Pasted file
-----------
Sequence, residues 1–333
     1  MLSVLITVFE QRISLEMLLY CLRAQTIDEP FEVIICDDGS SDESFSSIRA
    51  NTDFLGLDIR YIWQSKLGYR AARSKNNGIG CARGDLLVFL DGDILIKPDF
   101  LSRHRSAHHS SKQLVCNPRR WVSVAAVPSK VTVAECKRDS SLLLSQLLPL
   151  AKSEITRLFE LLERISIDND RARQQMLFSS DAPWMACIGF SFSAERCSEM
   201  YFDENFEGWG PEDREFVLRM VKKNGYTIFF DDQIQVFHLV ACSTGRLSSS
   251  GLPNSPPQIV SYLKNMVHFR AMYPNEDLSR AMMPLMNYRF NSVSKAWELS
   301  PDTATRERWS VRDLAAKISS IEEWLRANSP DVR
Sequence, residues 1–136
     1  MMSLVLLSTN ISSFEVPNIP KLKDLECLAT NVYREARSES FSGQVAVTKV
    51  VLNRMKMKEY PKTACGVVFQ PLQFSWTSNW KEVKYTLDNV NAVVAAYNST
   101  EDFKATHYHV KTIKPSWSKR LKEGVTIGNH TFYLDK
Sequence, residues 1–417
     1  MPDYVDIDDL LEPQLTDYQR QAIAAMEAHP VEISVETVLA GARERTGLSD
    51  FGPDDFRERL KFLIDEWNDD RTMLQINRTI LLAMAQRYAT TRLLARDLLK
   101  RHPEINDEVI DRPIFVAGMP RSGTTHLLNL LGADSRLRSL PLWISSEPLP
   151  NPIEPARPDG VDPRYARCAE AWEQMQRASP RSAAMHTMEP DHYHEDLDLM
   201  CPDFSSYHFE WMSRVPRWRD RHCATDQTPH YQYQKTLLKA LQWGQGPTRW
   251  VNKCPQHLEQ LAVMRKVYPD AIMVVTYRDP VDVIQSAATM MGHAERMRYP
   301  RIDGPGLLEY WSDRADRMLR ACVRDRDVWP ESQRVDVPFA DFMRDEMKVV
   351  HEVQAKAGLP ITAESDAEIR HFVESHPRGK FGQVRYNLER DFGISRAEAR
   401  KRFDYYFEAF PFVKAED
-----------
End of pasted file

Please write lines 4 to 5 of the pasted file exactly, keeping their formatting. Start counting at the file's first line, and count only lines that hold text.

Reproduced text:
   101  LSRHRSAHHS SKQLVCNPRR WVSVAAVPSK VTVAECKRDS SLLLSQLLPL
   151  AKSEITRLFE LLERISIDND RARQQMLFSS DAPWMACIGF SFSAERCSEM